Molecular dynamics simulations have been performed to study the difference in the growth of polyethylene thin films via neutral ethylene molecular-beam and cluster-beam depositions. The collisions occurred at incident energies of 25 and 50 eV/molecule on a hydrogen-terminated diamond (111) surface. A many-body empirical bond order potential for hydrocarbons was used to model the interatomic interactions in the system that allowed for bonds to be broken and formed over the course of the simulations. In contrast to the expectations that the cluster beam would provide significantly enhanced thin-film nucleation, the results indicate few differences in thin-film adhesion that occurs as a result of the deposition. The role of substrate temperature on thin-film nucleation is also investigated and found to be negligible over a 1200° range. Finally, structural relaxation of thin-film fragments is investigated through energy minimization with AM1. The structures of the fragments are found to change slightly from the relaxed structures predicted in the molecular dynamics simulations.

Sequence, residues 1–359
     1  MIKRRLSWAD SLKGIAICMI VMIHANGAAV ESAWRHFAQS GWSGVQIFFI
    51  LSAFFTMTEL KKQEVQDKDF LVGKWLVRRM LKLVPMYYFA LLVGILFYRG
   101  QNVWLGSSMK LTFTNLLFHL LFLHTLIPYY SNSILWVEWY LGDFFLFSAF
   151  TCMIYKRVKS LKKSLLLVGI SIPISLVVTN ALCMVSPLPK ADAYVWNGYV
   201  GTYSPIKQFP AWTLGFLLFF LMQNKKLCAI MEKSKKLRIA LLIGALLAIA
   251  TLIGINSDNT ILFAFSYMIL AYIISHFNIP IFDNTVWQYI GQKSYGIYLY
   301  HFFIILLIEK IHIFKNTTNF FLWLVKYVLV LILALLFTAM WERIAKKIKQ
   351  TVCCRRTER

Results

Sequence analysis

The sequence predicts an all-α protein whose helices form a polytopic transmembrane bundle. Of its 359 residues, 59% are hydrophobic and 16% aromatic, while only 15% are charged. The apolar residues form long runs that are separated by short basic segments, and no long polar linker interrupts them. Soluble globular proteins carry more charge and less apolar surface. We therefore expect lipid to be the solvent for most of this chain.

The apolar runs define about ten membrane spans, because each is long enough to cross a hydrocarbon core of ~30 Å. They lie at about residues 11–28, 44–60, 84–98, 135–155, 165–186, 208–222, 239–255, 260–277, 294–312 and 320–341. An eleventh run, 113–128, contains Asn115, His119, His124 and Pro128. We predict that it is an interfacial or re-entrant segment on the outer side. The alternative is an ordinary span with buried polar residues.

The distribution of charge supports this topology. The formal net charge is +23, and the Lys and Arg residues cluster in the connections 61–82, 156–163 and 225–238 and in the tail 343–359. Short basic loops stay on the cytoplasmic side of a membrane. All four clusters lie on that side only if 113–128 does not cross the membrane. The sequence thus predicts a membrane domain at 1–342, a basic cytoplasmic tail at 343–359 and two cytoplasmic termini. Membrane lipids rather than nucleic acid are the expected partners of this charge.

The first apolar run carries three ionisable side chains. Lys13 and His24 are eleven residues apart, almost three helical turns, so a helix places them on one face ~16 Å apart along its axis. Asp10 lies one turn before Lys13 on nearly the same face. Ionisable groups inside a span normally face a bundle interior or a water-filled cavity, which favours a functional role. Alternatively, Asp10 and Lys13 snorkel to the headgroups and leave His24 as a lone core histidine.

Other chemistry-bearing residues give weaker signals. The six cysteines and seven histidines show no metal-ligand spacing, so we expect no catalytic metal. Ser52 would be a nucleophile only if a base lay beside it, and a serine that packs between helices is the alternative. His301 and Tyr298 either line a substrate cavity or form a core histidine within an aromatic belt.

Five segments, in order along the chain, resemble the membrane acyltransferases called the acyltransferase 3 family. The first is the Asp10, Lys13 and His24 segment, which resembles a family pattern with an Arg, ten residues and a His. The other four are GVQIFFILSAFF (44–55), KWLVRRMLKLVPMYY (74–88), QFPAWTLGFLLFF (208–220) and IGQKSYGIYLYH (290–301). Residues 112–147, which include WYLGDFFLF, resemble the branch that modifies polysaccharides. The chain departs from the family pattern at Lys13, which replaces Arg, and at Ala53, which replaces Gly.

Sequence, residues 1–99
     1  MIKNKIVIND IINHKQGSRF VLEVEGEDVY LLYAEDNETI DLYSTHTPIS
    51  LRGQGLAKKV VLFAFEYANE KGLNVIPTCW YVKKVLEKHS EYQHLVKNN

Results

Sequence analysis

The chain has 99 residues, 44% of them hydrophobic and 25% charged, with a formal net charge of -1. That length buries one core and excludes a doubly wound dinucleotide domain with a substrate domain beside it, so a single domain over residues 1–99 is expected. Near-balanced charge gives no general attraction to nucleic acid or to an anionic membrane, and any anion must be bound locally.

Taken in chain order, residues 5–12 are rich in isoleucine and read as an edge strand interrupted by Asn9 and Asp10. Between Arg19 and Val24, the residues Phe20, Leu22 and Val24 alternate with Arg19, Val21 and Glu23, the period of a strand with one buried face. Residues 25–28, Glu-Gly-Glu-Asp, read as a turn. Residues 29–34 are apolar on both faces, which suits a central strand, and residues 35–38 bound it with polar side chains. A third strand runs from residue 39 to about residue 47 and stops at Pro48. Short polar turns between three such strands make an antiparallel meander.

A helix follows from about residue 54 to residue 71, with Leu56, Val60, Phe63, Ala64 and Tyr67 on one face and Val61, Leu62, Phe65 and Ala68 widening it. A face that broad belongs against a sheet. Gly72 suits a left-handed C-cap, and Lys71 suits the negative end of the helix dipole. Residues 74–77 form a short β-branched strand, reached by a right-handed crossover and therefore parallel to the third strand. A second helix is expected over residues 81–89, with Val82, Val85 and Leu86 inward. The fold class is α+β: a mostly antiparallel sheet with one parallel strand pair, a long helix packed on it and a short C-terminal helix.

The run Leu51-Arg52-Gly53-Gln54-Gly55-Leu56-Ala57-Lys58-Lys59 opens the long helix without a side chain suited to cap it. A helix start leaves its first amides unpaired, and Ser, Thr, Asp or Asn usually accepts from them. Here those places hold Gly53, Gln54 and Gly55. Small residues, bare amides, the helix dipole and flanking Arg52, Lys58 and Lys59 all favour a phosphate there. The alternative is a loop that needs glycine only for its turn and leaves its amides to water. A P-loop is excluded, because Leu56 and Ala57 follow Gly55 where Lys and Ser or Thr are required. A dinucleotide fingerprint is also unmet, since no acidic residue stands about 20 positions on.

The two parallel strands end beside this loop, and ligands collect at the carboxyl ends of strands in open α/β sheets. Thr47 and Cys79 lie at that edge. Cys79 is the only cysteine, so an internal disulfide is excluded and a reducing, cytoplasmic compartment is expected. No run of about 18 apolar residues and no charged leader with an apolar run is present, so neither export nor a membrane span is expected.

All Science Journal Classification (ASJC) codes
- Electronic, Optical and Magnetic Materials
- Surfaces and Interfaces
- Surfaces, Coatings and Films
- Metals and Alloys
- Materials Chemistry